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The Top 7 Challenges for New Consultants

Posted March 13th, 2011 in Challenges for New Consultants, New Consultant Basics by Lee

Once you’ve made the decision to become a new consultant, you will begin to experience the advantages of consulting: you’ll have increased control, flexibility and independence.  And as appealing as the advantages are, consulting also has challenges!  The consulting road is filled with unexpected turns, and the occasional pothole.

Many new consultants begin their role with only a vague sense as to what they can expect, and an unexpected pothole has sunk more than a few new consultants! It helps to be aware of what major challenges might lie in the road ahead and to steer clear of these whenever possible.

Here are 7 ccommon challenges for new consultants:

1.  Feast or famine

As a new consultant, we seem to have either too little or too much business. Revel in the feast, but plan ahead for the famine!

2.  Attracting and retaining skilled people and support resources

During the feast times, having others you can trust and call on for help is critical. Finding them when you need them isn’t always easy, though, so build these relationships as early as you can. Decide whether you need a regular staff or just the occasional help, and seek out these resources right from the start. Don’t take anyone for granted, though – those who work for or with you deserve your sincere appreciation and recognition.

3.  Time management

It’s great to be your own boss and have no one else looking over your shoulder telling you what to do and when to do it. Not having this structure, however, can make it easy to procrastinate or flounder. Create a system for yourself, complete with regular work hours and the means to keep track of all those things you must keep track of such as billings, taxes, inventory, meetings, etc.

4.  Work-life balance

Starting out as a new consultant often leads to a period of imbalance in your life, when time you would normally give to family, friends, or hobbies is suddenly sucked up by the demands of your work. Keep an eye on this! Though it’s expected that you’ll put in longer hours at first, don’t let this get out of hand or you’ll be no good at all to anyone.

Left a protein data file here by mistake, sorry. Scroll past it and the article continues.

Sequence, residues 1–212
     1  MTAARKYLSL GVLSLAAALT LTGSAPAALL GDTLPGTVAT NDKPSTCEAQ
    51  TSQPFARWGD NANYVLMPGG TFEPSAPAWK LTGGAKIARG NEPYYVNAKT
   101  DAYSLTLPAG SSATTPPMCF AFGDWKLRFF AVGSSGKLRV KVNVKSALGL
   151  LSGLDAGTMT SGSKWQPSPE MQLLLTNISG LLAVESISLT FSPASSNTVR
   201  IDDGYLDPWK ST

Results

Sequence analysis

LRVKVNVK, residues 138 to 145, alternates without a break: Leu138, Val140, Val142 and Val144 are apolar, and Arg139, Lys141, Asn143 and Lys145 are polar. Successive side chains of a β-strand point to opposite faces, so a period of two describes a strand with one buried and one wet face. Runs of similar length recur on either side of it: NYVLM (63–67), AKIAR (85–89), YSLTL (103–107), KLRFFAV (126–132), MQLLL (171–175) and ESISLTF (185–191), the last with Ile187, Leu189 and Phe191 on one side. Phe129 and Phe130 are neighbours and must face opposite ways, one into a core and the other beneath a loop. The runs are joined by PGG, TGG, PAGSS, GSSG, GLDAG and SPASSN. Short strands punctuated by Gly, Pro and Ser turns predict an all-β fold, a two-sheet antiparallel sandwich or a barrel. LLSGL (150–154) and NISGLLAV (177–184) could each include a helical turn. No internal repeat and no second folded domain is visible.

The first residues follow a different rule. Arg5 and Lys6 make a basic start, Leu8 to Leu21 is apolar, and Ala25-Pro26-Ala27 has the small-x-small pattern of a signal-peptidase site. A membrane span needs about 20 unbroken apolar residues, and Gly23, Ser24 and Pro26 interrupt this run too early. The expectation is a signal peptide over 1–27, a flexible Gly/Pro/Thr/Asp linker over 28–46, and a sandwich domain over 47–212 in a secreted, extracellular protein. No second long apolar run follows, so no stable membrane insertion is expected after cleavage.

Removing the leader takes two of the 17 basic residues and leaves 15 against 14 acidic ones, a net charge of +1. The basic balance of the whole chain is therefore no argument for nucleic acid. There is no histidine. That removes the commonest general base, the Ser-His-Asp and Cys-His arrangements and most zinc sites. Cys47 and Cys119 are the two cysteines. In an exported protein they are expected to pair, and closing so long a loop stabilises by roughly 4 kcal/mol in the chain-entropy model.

5.  Staying abreast of new technologies

Technology changes in a blink nowadays, and it’s critical you stay on top of these changes. Your customers will expect you to be readily accessible, to be familiar with (or using!) the latest equipment and resources, and to be at the cutting edge of your consulting field. Keep up! It will be to your advantage to have the technology necessary to fully support your consulting work.

6.  Getting paid

Sure, we like to think that all our customers will pay us when it’s expected (and most will!), but the truth is this doesn’t always happen. Sometimes a check will bounce or someone unexpectedly finds themselves in a financial crunch and unable to pay us what’s due. Plan for this. Make sure you keep enough money in reserves so that when this happens it doesn’t create a financial hardship for you. Also think through what your process will be to bill people, what finance charges you’ll add in for late payments, and what steps to take to recover fees owed to you.

7.  Wondering where the next jobs or customers will come from

During times of feasting it’s hard to imagine that several months from now the famine may hit. A big part of the challenge of being a new consultant–or a more experienced consultant–is that you get so busy meeting current project demands that there’s no time or energy left to continue marketing or in other ways building your business at the same time. It often helps to designate a specific part of each week to business building, and then sticking to this schedule religiously.

There will always be challenges when we work as a consultant. But you can have a smoother ride if you plan ahead create a map that will  work for you!

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